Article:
Mental Health First Aid
We are all familiar with first aid. There’s usually a kit in our workplaces or in our homes. When a physical injury occurs, we find the first aid kit and apply our training or knowledge to help with wound care and cleanup. But what about the wounds we can’t see, that aren’t physical. This is when mental health first aid comes in.
The Mental Health Commission of Canada suggests that upwards of 20% of the Canadian population is dealing with some form of mental health problem or illness. Mental health first aid training is on the rise and being offered by the Commission and others. The objective is to provide a proverbial “kit” to trainees, a thoughtful method we can use to provide support to colleagues, families and friends who are dealing with something difficult.
One approach to mental health first aid is the ALGEES acronym:
A: Approach and assess the situation. Approach the person and begin the conversation with “I am noticing this; do you want to tell me about it?” or “I am concerned, how are you feeling?”
L: Listen. Most people want to be listened to, understood. Give them the space to speak their mind and offer non-verbal cues that you are listening like nodding your head, smiling or turning towards the person.
G: Giving Reassurance. Offer encouragement throughout the conversation through statements like “It is understandable that you would feel this way given the circumstances.” or “I can really appreciate this is difficult for you.”
E: Encouraging support. Most of us are not mental health experts or medical professionals. We do not need to be experts to offer support to others. We can encourage others by asking questions like “Has this happened to you before? What has worked for you in the past?” or “Have you considered speaking to a professional?”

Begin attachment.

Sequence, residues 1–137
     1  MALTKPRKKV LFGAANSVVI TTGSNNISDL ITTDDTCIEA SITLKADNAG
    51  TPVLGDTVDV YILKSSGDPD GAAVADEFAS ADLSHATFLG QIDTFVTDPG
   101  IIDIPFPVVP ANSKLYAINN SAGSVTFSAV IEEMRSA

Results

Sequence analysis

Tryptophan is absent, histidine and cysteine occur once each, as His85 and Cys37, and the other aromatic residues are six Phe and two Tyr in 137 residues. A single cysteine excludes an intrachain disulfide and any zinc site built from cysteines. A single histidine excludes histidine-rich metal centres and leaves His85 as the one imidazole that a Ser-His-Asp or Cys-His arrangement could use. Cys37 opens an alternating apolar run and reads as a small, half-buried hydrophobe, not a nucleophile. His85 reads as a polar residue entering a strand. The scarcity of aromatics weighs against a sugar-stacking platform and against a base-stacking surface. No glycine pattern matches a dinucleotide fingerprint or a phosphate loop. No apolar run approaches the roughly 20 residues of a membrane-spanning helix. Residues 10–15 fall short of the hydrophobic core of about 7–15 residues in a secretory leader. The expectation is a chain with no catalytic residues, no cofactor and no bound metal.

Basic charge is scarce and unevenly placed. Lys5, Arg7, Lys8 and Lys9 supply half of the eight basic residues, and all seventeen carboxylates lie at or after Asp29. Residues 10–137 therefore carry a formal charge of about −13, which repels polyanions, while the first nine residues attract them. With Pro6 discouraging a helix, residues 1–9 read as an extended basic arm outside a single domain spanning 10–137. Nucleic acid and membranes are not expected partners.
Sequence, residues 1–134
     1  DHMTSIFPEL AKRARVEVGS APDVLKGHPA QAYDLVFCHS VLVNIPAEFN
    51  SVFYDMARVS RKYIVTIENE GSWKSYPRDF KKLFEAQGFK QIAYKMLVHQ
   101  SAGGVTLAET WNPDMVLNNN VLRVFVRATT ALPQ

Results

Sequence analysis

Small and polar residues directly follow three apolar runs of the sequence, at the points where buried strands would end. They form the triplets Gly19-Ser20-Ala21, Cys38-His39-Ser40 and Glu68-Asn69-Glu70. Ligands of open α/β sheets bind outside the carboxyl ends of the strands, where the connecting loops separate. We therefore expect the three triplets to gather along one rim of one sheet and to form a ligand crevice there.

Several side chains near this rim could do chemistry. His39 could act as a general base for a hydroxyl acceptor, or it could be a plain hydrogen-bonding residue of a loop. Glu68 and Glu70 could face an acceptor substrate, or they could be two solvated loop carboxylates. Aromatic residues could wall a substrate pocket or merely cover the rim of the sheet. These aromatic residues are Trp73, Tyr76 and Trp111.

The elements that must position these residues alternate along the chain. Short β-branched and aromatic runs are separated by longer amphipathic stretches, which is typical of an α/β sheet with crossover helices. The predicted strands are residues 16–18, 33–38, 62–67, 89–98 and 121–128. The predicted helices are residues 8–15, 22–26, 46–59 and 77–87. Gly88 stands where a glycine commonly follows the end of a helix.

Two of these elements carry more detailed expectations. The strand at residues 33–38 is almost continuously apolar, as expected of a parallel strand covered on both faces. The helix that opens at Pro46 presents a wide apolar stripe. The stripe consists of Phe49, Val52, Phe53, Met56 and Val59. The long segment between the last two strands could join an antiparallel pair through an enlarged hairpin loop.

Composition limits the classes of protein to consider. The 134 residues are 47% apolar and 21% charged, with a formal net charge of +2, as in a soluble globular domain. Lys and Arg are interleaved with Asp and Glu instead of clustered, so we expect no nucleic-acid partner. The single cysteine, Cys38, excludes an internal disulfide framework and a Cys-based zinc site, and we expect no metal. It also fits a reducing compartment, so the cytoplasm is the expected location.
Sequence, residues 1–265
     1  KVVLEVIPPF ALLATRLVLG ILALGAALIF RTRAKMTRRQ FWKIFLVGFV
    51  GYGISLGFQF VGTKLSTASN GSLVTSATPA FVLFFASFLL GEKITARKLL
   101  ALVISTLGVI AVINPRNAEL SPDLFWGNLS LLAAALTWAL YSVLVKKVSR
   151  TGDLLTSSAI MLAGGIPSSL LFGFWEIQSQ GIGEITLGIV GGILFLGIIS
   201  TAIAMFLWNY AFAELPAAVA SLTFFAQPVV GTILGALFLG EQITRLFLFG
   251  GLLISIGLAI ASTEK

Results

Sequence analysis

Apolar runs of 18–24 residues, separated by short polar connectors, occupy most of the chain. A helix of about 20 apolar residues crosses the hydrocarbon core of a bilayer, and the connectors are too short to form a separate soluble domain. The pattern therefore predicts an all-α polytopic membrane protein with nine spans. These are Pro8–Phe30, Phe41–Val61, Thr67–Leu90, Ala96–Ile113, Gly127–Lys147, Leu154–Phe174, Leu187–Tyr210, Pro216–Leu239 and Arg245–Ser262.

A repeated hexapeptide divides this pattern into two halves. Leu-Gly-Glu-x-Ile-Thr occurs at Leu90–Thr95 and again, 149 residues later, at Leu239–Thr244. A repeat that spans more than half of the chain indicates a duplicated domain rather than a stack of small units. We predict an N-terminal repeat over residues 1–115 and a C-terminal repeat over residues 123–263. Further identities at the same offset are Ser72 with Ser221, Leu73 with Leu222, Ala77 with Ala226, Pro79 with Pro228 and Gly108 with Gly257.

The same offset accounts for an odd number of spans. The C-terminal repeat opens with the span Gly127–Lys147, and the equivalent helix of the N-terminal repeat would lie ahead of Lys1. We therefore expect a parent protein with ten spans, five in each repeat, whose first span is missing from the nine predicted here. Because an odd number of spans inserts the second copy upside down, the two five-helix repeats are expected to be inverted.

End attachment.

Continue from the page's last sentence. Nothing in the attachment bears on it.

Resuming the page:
E: Encouraging other supports. Beyond medical help, we can encourage other forms of support through statements like “Have you considered speaking to your family about this?” or “Have you reached out to your friends?”
S: Self-care. After offering support, we may need to check in with ourselves. Do we need to consider speaking to someone or seeking professional help? Providing mental health first aid to someone else can have an impact on our own well-being, let’s not forget to apply the same care to ourselves as we have provided to others.
Many of us are learning to speak openly about mental health challenges. And so, it makes sense that we are also learning the skills we need to offer support and care to those around us. Seeking out the training and resources you need to support others is an important contribution to creating a healthy community.
If you are currently struggling with mental health challenges there is support available. You can use your Employee & Family Assistance Program or your health benefits to access mental health supports. And the Distress Centre of Ottawa and Regional is available 24/7.